In the 19th century, the city built an extensive sewage system to improve sanitation, and streets were illuminated with gas lighting as a regular service. Long-distance railway lines were constructed, including a route completed in 1854 linking Toronto with the Upper Great Lakes. The Grand Trunk Railway and the Northern Railway of Canada joined in the building of the first Union Station in downtown. The advent of the railway dramatically increased the numbers of immigrants arriving, commerce and industry, as had the Lake Ontario steamers and schooners entering port before. These enabled Toronto to become a major gateway linking the world to the interior of the North American continent.
Toronto became the largest alcohol distillation (in particular, spirits) centre in North America. By the 1860s the Gooderham and Worts Distillery operations became the world's largest whiskey factory. A preserved section of this once dominant local industry remains in the Distillery District. The harbour allowed for sure access to grain and sugar imports used in processing. Expanding port and rail facilities brought in northern timber for export and imported Pennsylvania coal. Industry dominated the waterfront for the next 100 years.
Horse-drawn streetcars in 1890. The city's streetcar system
transitioned to electric-powered streetcars in 1892.
Horse-drawn streetcars gave way to electric streetcars in 1891, when the city granted the operation of the transit franchise to the Toronto Railway Company. The public transit system passed into public ownership in 1921 as the Toronto Transportation Commission, later renamed the Toronto Transit Commission. The system now has the third-highest ridership of any city public transportation system in North America.
The Great Toronto Fire of 1904 destroyed a large section of downtown Toronto, but the city was quickly rebuilt. The fire caused more than $10 million in damage, and resulted in more stringent fire safety laws and expansion of the city's fire department.
The city received new European immigrant groups beginning in the late 19th century into the early 20th century, particularly Germans, French, Italians, and Jews from various parts of Eastern Europe. They were soon followed by Russians, Poles, and other Eastern European nations, in addition to Chinese entering from the West. As the Irish before them, many of these migrants lived in overcrowded shanty-type slums, such as "the Ward" which was centred on Bay Street, now the heart of the country's Financial District.
As new migrants began to prosper, they moved to better housing in other areas, in what is now understood to be succession waves of settlement. Despite its fast-paced growth, by the 1920s, Toronto's population and economic importance in Canada remained second to the much longer established Montreal, Quebec. However, by 1934, the Toronto Stock Exchange had become the largest in the country.
In 1954, the City of Toronto and 12 surrounding municipalities were federated into a regional government known as Metropolitan Toronto. The postwar boom had resulted in rapid suburban development and it was believed a coordinated land-use strategy and shared services would provide greater efficiency for the region. The metropolitan government began to manage services that crossed municipal boundaries, including highways, police services, water and public transit.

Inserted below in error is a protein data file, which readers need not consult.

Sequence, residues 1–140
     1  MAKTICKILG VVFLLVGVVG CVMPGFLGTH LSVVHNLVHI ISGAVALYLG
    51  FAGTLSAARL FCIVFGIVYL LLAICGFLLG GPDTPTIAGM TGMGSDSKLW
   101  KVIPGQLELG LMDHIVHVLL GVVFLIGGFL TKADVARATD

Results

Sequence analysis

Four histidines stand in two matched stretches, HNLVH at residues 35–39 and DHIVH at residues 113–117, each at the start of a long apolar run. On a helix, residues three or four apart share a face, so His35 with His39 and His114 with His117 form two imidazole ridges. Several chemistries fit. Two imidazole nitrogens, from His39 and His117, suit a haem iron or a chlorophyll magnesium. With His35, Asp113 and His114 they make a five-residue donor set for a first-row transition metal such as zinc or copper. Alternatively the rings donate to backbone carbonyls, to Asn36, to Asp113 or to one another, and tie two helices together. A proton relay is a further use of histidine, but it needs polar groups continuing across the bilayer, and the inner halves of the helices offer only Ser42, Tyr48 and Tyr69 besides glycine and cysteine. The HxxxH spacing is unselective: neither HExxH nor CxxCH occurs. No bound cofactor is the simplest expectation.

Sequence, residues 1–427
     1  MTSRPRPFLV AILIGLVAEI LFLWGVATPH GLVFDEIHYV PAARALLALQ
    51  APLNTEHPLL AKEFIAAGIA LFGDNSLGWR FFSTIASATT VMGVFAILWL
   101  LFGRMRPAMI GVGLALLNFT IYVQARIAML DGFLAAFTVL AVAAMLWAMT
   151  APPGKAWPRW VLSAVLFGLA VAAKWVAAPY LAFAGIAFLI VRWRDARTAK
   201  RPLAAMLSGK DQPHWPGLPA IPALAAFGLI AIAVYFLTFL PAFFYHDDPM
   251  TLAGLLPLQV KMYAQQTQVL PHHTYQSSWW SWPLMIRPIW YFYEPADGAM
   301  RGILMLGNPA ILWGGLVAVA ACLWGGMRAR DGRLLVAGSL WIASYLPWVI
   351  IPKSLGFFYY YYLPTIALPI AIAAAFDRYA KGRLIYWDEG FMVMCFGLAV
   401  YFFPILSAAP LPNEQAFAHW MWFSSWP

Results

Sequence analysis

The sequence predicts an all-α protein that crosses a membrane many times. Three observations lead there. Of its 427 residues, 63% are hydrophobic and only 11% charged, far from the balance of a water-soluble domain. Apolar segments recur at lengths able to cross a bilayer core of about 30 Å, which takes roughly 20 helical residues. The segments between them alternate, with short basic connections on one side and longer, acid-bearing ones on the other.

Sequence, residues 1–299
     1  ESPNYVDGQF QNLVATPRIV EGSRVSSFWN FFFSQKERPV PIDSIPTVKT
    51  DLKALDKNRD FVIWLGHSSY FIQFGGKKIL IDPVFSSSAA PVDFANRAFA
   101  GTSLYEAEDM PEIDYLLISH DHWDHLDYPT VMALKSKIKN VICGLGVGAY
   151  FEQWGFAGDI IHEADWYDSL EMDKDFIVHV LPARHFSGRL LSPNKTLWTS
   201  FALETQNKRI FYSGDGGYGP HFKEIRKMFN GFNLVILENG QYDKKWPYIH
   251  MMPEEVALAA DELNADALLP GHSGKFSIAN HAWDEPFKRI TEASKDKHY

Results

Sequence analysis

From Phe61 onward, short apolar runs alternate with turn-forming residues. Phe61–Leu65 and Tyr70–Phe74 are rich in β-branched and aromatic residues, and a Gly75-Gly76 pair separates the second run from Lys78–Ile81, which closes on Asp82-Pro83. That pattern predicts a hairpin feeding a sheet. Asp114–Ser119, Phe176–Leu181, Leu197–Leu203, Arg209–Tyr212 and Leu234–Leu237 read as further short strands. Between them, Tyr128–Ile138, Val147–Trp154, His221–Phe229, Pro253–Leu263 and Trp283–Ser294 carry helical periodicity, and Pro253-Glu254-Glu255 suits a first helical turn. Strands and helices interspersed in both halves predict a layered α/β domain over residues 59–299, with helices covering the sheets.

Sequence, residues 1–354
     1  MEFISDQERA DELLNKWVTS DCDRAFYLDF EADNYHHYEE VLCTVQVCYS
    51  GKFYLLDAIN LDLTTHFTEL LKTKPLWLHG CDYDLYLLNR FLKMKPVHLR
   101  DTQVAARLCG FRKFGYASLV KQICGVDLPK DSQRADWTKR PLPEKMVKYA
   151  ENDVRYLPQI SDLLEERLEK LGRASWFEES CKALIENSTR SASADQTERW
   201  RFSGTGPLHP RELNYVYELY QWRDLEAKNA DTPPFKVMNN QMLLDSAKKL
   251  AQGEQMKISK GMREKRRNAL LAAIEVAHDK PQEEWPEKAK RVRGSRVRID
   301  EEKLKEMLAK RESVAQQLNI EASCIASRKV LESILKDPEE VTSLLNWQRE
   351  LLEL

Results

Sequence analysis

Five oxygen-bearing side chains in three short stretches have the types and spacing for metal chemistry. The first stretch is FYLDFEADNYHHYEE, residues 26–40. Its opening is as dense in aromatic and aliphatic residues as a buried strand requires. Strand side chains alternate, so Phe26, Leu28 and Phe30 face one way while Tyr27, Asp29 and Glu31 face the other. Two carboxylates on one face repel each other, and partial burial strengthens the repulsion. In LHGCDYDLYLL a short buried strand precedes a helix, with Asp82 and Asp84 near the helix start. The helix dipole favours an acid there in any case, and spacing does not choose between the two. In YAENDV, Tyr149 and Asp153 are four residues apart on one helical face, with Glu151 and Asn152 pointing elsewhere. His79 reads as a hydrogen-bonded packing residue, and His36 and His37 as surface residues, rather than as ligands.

In that year, a half-century after the Great Fire of 1904, disaster struck the city again when Hurricane Hazel brought intense winds and flash flooding. In the Toronto area, 81 people were killed, nearly 1,900 families were left homeless, and the hurricane caused more than CA$25 million in damage.
In 1967, the seven smallest municipalities of Metropolitan Toronto were merged with larger neighbours, resulting in a six-municipality configuration that included the former city of Toronto and the surrounding municipalities of East York, Etobicoke, North York, Scarborough, and York.
In the decades after World War II, refugees from war-torn Europe and Chinese job-seekers arrived, as well as construction labourers, particularly from Italy and Portugal. Toronto's population grew to more than one million in 1951 when large-scale suburbanization began and doubled to two million by 1971. Following the elimination of racially based immigration policies by the late 1960s, Toronto became a destination for immigrants from all parts of the world. By the 1980s, Toronto had surpassed Montreal as Canada's most populous city and chief economic hub. During this time, in part owing to the political uncertainty raised by the resurgence of the Quebec sovereignty movement, many national and multinational corporations moved their head offices from Montreal to Toronto and Western Canadian cities.
In 1998, the Conservative provincial government led by Mike Harris dissolved the metropolitan government, despite vigorous opposition from the component municipalities and overwhelming rejection in a municipal plebiscite. All six municipalities were amalgamated into a single municipality, creating the current City of Toronto, the successor of the old City of Toronto. North York mayor Mel Lastman became the first "megacity" mayor and the 62nd Mayor of Toronto. John Tory is the mayor.
The city attracted international attention in 2003 when it became the centre of a major SARS outbreak. Public health attempts to prevent the disease from spreading elsewhere temporarily dampened the local economy.
On March 6, 2009, the city celebrated the 175th anniversary of its inception as the City of Toronto in 1834. Toronto hosted the 4th G20 summit during June 26–27, 2010. This included the largest security operation in Canadian history. Following large-scale protests and rioting, law enforcement conducted the largest mass arrest (more than a thousand people) in Canadian history.
On July 8, 2013, severe flash flooding hit Toronto after an afternoon of slow-moving, intense thunderstorms. Toronto Hydro estimated 450,000 people were without power after the storm and Toronto Pearson International Airport reported 126 mm (5 in) of rain had fallen over five hours, more than during Hurricane Hazel. Within six months, on December 20, 2013, Toronto was brought to a halt by the worst ice storm in the city's history, rivalling the severity of the 1998 Ice Storm. Toronto hosted WorldPride in June 2014 and the Pan American Games in 2015.